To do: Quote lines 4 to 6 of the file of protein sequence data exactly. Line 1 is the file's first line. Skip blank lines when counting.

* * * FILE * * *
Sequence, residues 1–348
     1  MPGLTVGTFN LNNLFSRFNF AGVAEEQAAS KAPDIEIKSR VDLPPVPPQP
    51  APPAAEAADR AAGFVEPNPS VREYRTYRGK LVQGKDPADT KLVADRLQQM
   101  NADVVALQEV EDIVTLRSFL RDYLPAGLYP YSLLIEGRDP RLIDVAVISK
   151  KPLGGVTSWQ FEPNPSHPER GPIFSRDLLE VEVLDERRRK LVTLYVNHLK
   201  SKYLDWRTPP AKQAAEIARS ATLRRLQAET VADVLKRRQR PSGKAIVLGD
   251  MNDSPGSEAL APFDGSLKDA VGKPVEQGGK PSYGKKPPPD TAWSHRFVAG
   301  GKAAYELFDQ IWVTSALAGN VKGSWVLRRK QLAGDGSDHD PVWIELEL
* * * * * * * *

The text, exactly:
   101  NADVVALQEV EDIVTLRSFL RDYLPAGLYP YSLLIEGRDP RLIDVAVISK
   151  KPLGGVTSWQ FEPNPSHPER GPIFSRDLLE VEVLDERRRK LVTLYVNHLK
   201  SKYLDWRTPP AKQAAEIARS ATLRRLQAET VADVLKRRQR PSGKAIVLGD